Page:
COLUMBIA, Mo. (AP) -- Thousands ignored the obligatory public address announcement to stay off the field. One goal post was gone, hauled off to a nearby tavern, and the uprights were missing from the other end zone as Missouri fans savored a rare victory over Oklahoma.
The band played at midfield as players and coaches shared hugs and raised arms in triumph.
The occasion would have been every bit as memorable if the Sooners hadn't been No. 1 in the BCS. Missouri's convincing 36-27 victory Saturday night was only its second in 21 games against a longtime nemesis and snapped a seven-game losing streak against the Sooners dating to 1998.
The last two meetings had been especially crushing, both coming in the Big 12 championship game and one ending the Tigers' one-week stay at No. 1 in 2007.
"You talk about it forever," coach Gary Pinkel said. "If you can beat Oklahoma, what would that do for your program? We did it."
The delirious bedlam was reminiscent of the scene after the Tigers (7-0, 3-0 Big 12) ended a 24-game losing streak over 25 years against Nebraska in 2003, rallying in the second half behind Brad Smith's four touchdowns, and both goal posts fell.
Now, another demon exorcised in front of a sellout crowd of 71,004 mostly clad in yellow.
"If you want to notch your program up, you've got to win games like this," Pinkel said. "We've fallen short a number of times. But I'm a competitor and I'm a fighter."
On Sunday, they were rewarded by moving up 11 spots to No. 7 in the AP poll and jumping to No. 6 in the BCS standings. The loss knocked Oklahoma from third to 11th in poll and to ninth in the BCS standings.
"You've just got to rise to the occasion," Tigers quarterback Blaine Gabbert said. "This is an extremely big game for this team, this university and this state.
"We just showed them that we're here to stay."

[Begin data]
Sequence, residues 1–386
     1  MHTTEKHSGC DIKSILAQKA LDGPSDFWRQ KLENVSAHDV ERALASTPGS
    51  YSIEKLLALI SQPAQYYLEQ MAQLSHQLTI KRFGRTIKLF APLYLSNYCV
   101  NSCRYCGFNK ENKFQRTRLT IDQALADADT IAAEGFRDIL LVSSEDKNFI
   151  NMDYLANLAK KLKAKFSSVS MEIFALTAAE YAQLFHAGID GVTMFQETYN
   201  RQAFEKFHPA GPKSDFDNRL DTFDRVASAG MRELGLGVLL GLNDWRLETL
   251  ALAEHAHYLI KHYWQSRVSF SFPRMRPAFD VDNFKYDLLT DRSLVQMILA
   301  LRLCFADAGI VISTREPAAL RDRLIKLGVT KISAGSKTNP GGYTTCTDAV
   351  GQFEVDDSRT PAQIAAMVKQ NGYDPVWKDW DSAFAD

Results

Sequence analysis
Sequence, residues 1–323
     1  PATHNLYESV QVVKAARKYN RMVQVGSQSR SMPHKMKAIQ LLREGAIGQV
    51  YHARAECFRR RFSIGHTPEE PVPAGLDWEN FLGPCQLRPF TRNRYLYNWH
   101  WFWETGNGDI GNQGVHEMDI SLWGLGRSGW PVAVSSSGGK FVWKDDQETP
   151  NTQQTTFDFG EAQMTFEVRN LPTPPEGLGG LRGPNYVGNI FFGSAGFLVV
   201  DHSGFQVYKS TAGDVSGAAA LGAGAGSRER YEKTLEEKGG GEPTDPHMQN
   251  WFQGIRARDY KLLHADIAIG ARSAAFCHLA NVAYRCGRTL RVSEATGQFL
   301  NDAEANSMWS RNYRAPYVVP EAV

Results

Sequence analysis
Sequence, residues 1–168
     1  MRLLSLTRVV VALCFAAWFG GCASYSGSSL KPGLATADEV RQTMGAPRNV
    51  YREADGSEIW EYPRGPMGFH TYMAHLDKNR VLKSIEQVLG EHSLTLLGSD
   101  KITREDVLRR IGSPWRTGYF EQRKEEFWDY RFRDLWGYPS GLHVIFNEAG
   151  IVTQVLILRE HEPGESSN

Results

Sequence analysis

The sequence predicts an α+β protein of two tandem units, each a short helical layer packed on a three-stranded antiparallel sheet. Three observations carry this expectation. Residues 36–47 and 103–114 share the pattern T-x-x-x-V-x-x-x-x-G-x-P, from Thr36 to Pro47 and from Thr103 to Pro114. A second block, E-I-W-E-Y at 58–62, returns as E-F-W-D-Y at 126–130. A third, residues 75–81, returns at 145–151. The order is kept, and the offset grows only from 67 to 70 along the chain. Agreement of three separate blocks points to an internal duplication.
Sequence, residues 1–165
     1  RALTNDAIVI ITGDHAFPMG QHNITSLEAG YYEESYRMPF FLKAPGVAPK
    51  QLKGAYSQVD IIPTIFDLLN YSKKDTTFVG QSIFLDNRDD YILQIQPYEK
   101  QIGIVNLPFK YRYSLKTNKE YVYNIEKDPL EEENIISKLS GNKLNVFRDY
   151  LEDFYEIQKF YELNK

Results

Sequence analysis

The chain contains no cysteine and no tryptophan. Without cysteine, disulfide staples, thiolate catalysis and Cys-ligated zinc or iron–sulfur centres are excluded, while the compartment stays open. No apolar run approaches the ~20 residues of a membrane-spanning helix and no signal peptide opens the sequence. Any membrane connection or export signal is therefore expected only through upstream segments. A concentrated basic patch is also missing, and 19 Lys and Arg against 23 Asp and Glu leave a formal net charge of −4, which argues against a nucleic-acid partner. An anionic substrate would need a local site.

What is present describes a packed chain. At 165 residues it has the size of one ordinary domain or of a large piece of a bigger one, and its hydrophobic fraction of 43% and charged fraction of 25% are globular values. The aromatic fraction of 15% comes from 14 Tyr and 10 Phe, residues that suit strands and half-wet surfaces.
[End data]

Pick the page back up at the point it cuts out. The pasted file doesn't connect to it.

Missouri is 7-0 for the first time since 1960 and the third time in school history heading into next week's game at No. 14 Nebraska (6-1, 2-1). The Tigers have won two of the last three against the Cornhuskers.
"When you keep winning games," Gabbert said, "the games keep getting bigger."
Gahn McGaffie returned the opening kickoff for a touchdown, Jerrell Jackson had season bests with nine catches for 139 yards and scored the go-ahead touchdown, and Gabbert was 8-for-9 for 95 yards in the fourth quarter.
The last two games, Gabbert has thrown four touchdown passes with no interceptions.
Perhaps biggest of all, a much improved defense had two interceptions that led to 10 points and allowed only 101 yards after halftime.
"When you win a game like this, it just shows that it wasn't all in vain," cornerback Kevin Rutland said. "All your hard work wasn't in vain."
Oklahoma running back DeMarco Murray, coming off back-to-back 100-yard games, was held to a season-worst 49 yards on 12 carries, although he caught a short touchdown pass. The first six games combined, Landry Jones had only three interceptions.
"The effort's there, our kids played hard," coach Bob Stoops said. "I wish we'd have played better and taken care of the football, of course."
After falling behind 21-20 late in the third quarter, Missouri reasserted itself and put the game away with 16 straight points in the fourth quarter. Against a team that had never trailed at the end of any quarter all season, too.
Nursing its one-point lead, Oklahoma went three-and-out on two of its next three possessions. The other time, Zaviar Gooden jumped a sideline route for an interception at the Sooners' 22 that led to a field goal.
Oklahoma had only one first down in the fourth quarter, was outgained 192-16 and had the ball for 1:45, but capitalized on Mossis Madu's 77-yard kickoff return that set up Trey Millard's short run with 6:06 to go. Stoops came under fire for his decision to go for a 2-point conversion, and Jones' incomplete pass made it a two-score deficit.
"To me, it was the only thing to do," said Stoops, who ticked off the other things that had gone sour, including Jimmy Stevens' missed 31-yard field goal in the third quarter.
"Turnovers will get you beat, that's one thing I learned," tight end James Hanna said. "You've got to be ready every night, it doesn't matter who you're playing."
Besides committing a season-high three high turnovers, Oklahoma matched its season worst for scoring. The Sooners will try to bounce back Saturday at home against Colorado and players said Stoops kept it positive in the locker room.
"He just told us to keep our heads up," running back Roy Finch said. "We're still No. 1 in the (Big 12) South right now."